Let T be a linear operator on a vector space V, and let be distinct eigenvalues of T. If are eigenvectors of t such that corresponds to (), then {} is linearly independent.

### characteristic polynomial splits

The characteristic polynomial of any diagonalizable linear operator splits.

### 1 ≤ dim(E*λ*) ≤ *m*

Let T be alinear operator on a finite-dimensional vectorspace V, and let λ be an eigenvalue of T having multiplicity . Then .

### *S* = S_{1} ∪ *S*_{2} ∪ ...∪ *S*_{k} is linearly independent

Let T be a linear operator on a vector space V, and let be distinct eigenvalues of T. For each let be a finite linearly independent subset of the eigenspace . Then is a linearly independent subset of V.

### ⇔T is diagonalizable

Let T be a linear operator on a finite-dimensional vector space V that the characteristic polynomial of T splits. Let be the distinct eigenvalues of T. Then

(a) T is diagonalizable if and only if the multiplicity of is equal to for all .

(b) If T is diagonalizable and is an ordered basis for for each , then is an ordered for V consisting of eigenvectors of T.

**Test for diagonlization**

## Inner product spaces

Inner product, standard inner product on F^{n}, conjugate transpose, adjointTemplate:Disambiguation needed, Frobenius inner product, complex/real inner product space, norm, length, conjugate linear, orthogonal, perpendicular, orthogonal, unit vector, orthonormal, normalization.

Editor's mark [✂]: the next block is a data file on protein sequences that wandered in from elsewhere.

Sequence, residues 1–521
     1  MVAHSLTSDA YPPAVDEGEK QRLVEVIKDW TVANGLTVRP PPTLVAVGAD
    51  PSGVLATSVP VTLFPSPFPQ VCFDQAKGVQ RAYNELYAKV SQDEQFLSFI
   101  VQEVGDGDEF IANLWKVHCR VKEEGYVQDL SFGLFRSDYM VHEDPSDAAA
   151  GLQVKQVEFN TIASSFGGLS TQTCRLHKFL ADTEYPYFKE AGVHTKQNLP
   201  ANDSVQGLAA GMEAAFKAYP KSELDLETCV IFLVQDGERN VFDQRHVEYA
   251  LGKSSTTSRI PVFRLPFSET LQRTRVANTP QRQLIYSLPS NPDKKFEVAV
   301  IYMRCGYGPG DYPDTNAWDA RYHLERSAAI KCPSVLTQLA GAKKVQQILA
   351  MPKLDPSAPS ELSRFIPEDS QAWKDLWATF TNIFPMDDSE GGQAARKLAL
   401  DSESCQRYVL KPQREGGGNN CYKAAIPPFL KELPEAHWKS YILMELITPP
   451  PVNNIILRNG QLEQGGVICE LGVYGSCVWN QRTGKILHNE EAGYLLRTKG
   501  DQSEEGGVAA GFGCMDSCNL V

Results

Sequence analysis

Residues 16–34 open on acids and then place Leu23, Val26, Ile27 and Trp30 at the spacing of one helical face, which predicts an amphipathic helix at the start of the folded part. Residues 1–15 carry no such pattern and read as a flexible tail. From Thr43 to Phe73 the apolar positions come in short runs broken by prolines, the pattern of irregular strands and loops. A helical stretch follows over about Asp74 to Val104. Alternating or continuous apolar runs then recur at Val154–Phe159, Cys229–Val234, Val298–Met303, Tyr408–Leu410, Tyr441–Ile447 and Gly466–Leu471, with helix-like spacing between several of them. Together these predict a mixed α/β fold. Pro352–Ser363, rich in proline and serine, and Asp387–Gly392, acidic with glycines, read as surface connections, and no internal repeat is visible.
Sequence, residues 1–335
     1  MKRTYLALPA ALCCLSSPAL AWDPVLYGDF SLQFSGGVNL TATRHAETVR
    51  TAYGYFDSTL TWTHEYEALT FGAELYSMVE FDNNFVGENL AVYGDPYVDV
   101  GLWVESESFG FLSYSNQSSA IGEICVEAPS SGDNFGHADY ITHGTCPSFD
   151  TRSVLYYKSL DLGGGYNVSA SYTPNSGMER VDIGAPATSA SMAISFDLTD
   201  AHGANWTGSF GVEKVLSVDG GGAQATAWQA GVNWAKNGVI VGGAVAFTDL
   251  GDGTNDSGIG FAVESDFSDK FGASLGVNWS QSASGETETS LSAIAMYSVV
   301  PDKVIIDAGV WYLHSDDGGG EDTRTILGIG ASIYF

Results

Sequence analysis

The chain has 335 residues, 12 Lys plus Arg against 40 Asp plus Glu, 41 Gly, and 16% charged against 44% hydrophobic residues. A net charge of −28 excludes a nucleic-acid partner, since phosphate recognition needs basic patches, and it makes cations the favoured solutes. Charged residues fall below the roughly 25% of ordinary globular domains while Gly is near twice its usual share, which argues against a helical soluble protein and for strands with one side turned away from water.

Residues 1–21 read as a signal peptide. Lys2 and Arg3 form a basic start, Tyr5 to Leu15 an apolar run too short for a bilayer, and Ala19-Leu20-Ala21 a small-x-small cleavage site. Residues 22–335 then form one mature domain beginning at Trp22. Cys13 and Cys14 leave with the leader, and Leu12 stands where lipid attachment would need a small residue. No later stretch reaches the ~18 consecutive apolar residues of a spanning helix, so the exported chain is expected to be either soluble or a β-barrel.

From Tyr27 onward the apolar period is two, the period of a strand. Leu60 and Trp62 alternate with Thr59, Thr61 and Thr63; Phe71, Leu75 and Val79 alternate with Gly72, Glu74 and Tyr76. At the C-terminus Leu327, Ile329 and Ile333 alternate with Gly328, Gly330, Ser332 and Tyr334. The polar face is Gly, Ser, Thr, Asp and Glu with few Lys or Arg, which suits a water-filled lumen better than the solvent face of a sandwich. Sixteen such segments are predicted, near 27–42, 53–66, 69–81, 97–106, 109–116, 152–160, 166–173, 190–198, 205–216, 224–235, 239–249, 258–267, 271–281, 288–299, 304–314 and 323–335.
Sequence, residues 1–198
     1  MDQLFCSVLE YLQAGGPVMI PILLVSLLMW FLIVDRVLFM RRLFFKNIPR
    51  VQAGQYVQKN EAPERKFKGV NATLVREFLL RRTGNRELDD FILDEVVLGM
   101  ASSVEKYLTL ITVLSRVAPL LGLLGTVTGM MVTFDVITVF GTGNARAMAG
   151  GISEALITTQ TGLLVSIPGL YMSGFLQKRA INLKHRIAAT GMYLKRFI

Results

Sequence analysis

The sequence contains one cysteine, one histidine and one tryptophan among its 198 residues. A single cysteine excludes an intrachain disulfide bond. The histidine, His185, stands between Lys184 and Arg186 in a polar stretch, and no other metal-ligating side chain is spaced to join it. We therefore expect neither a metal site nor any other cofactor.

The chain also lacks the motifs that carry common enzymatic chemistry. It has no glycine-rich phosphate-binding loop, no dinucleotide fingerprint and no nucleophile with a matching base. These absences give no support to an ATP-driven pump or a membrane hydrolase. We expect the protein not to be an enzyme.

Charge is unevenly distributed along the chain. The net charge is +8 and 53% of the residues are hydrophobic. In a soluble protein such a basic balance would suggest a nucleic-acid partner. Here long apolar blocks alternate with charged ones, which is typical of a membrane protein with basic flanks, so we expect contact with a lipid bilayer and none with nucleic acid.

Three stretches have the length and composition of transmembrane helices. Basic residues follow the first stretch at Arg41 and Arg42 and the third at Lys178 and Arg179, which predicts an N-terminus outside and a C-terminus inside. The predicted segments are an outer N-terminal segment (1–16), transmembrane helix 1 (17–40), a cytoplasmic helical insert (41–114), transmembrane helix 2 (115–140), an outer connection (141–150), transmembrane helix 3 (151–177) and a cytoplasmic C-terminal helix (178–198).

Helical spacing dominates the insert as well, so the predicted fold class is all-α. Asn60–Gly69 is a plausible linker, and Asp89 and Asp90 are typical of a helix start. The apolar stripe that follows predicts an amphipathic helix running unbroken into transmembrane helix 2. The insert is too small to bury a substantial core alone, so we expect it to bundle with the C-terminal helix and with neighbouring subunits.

### properties of linear product

Let V be an inner product space. Then for x,y,z\in V and c \in f, the following staements are true.

(a)

(b)

(c)

(d) if and only if

(e) If for all V, then .

### law of norm

Let V be an inner product space over F. Then for all x,y\in V and c\in F, the following statements are true.

(a) .

(b) if and only if . In any case, .

(c)(**Cauchy-Schwarz In equality**).

(d)(**Triangle Inequality**).

orthonormal basis, Gram–Schmidt process, Fourier coefficients, orthogonal complement, orthogonal projection

### span of orthogonal subset

Let V be an inner product space and be an orthogonal subset of V consisting of nonzero vectors. If ∈span(S), then

### Gram-Schmidt process

Let V be an inner product space and S= be a linearly independent subset of V. DefineS'=, where and

Then S' is an orhtogonal set of nonzero vectors such that span(S')=span(S).

### orthonormal basis

Let V be a nonzero finite-dimensional inner product space. Then V has an orthonormal basis β. Furthermore, if β = and x∈V, then

**Corollary.** Let V be a finite-dimensional inner product space with an orthonormal basis β =. Let T be a linear operator on V, and let A=[T]_{β}. Then for any and , .

### W^{⊥} by orthonormal basis